Additionally, some experts state that postnuptial agreements are actually scrutinized much more carefully than prenuptial agreements. The reason for this is that the contract is being created after the marriage has occurred, which potentially creates a scenario where both parties don’t have an equal place on the playing field. For instance, if one party has more assets or earns the lion’s share of the income, it can leave one spouse in an unequal bargaining position.
Of course, another potential issue with postmarital agreements has to do with actually reaching an agreement in the first place.
When you’re creating a post-marital agreement, you’re dealing with some of the most important issues in your life. Questions regarding your home, your property, your debts, your business, and so forth are all on the table.
If both individuals aren’t on the same page, an attempt to create a postnuptial agreement could actually create conflict and strife rather than help to avoid it.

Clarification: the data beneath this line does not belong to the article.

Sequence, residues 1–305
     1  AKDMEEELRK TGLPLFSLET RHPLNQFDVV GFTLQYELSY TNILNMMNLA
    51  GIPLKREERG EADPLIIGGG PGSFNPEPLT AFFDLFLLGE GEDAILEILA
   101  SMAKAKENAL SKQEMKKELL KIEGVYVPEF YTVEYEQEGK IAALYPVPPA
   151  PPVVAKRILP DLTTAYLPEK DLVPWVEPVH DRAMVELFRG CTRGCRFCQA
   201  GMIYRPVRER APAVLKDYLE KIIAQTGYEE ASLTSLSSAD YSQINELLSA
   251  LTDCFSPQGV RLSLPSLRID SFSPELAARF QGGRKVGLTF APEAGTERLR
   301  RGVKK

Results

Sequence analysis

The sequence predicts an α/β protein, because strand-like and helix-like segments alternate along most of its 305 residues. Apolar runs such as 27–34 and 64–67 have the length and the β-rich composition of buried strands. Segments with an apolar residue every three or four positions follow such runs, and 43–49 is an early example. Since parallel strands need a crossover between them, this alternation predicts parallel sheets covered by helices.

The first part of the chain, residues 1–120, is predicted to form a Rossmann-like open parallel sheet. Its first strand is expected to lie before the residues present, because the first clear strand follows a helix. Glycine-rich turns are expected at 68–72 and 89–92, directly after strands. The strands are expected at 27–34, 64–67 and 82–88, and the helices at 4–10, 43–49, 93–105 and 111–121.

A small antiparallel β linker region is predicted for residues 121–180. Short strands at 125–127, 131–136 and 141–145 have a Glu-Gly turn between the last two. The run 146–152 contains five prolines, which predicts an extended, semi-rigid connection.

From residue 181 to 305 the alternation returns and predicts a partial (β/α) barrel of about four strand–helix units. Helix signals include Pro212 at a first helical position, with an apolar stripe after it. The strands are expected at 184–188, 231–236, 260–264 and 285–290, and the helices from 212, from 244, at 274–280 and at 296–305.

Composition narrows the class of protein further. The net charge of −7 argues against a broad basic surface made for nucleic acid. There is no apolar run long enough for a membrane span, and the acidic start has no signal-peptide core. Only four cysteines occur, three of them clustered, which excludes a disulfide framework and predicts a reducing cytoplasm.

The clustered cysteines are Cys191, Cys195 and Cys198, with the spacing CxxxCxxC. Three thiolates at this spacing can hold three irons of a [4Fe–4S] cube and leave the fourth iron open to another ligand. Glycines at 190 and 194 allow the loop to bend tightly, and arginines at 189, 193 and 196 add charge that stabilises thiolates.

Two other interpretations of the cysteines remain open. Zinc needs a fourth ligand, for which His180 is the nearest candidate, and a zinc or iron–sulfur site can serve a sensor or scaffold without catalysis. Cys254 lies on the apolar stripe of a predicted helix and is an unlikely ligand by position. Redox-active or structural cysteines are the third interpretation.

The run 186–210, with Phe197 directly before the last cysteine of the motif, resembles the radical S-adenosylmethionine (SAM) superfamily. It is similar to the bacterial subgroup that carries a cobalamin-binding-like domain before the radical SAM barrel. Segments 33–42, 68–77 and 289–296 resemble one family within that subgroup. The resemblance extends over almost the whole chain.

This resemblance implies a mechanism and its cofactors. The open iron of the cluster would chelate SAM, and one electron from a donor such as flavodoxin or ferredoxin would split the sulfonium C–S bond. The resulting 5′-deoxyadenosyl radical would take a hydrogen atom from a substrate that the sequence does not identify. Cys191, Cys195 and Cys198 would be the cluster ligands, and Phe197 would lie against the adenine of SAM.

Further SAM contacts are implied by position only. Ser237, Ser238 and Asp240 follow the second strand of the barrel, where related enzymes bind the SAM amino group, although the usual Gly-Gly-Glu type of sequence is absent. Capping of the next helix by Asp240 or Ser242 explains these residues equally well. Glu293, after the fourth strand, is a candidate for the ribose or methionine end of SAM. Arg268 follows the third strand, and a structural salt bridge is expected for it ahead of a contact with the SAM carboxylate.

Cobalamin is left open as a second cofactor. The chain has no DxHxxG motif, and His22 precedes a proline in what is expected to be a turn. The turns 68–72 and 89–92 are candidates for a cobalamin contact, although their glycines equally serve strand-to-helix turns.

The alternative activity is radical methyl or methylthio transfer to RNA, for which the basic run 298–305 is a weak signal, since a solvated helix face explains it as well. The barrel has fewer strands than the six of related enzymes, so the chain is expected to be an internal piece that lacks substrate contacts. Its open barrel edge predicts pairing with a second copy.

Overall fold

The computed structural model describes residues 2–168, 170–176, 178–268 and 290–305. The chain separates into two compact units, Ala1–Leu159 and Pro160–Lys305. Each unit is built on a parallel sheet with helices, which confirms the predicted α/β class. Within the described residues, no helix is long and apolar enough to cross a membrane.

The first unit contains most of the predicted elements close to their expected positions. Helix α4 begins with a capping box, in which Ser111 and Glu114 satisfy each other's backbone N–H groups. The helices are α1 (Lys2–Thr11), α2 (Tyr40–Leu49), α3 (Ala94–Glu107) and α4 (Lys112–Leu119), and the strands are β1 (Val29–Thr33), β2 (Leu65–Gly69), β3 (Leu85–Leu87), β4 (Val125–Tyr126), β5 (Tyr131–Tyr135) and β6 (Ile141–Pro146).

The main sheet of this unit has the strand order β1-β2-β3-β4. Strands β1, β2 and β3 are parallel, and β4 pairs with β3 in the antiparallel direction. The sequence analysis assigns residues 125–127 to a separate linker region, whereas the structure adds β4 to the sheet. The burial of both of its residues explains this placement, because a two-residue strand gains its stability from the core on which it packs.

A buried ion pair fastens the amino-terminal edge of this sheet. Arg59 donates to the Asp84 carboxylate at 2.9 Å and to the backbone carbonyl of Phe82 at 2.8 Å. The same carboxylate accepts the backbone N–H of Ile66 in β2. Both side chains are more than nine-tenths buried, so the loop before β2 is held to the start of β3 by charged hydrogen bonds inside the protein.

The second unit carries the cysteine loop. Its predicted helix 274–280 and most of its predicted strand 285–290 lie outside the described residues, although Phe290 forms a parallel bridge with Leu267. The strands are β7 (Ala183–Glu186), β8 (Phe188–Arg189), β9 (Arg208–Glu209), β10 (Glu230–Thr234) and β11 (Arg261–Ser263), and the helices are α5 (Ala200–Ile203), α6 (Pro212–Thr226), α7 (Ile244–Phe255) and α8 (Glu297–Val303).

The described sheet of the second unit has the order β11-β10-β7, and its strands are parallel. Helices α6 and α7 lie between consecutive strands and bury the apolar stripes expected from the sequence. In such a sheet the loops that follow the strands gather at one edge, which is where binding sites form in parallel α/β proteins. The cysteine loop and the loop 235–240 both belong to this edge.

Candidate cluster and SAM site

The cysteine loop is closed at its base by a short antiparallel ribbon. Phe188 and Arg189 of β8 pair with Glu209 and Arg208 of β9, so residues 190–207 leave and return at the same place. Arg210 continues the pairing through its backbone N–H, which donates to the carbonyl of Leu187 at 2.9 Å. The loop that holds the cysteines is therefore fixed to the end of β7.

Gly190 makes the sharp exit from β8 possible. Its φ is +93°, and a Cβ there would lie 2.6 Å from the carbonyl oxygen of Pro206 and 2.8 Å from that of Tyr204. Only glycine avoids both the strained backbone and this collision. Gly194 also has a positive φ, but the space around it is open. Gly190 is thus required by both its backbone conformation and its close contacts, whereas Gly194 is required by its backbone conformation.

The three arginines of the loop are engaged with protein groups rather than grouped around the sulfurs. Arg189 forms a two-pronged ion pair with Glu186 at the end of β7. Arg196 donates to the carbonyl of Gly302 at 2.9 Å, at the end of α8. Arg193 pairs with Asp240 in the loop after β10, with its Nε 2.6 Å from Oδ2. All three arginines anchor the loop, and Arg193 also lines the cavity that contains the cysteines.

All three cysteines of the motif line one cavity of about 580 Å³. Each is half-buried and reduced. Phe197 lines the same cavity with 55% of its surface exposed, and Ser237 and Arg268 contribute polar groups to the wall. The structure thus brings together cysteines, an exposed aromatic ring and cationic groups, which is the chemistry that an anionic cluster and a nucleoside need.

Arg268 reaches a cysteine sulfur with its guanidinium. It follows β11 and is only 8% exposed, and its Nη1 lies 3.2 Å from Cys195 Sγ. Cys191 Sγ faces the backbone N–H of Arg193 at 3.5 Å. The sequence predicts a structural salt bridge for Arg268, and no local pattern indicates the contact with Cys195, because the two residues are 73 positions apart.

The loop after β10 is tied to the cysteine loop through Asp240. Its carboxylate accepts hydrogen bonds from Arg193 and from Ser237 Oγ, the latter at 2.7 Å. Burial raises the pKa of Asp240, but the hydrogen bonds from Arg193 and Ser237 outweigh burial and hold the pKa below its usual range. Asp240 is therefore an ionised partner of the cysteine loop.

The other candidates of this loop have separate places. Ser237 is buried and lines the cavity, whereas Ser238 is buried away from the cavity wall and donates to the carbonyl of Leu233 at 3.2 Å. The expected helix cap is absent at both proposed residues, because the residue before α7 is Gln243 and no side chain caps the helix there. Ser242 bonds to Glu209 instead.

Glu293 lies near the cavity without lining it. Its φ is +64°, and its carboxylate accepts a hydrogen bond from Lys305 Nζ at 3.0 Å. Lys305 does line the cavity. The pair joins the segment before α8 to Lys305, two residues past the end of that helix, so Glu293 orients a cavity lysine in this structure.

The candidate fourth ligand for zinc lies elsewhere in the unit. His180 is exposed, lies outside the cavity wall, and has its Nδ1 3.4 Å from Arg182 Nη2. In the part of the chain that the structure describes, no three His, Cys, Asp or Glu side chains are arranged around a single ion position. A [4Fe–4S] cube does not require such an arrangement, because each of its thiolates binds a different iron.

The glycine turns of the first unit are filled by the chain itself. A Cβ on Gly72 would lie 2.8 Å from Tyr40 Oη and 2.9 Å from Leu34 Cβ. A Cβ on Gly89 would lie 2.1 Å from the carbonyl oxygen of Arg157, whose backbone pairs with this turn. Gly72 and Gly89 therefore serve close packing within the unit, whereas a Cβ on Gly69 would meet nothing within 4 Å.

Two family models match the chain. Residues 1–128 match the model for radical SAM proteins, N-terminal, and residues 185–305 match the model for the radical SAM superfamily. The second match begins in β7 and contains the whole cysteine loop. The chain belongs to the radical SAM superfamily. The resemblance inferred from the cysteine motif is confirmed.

Postnuptial agreements aren’t necessarily going to be the right choice for every couple. That being said, here are some of the factors that could potentially make you and your spouse good candidates for this type of document:
On the other hand, going to the trouble and expense of hiring a lawyer to create this type of document might not be worth it in the following circumstances:
In order for courts in Texas to see your post-marital agreement as valid, the following must be true:
You will typically want to work with a lawyer when drafting and signing a postnuptial agreement. Doing so will help ensure that you are creating an enforceable document that is considered valid in the state of Texas.
Only you and your spouse can decide whether a post-marital agreement is the right choice for your family. Postnuptial agreements are contracts between spouses that are created after the marriage has taken place and outline what will happen to your estate in the case of divorce or death.
Though this might not sound like the most romantic endeavor to undertake with your spouse, postnuptial agreements can be a useful financial tool when done correctly.
Are you looking for more information to help you navigate the world of family law in the Lone Star State? If so, check out our Texas Divorce Laws blog for more useful resources!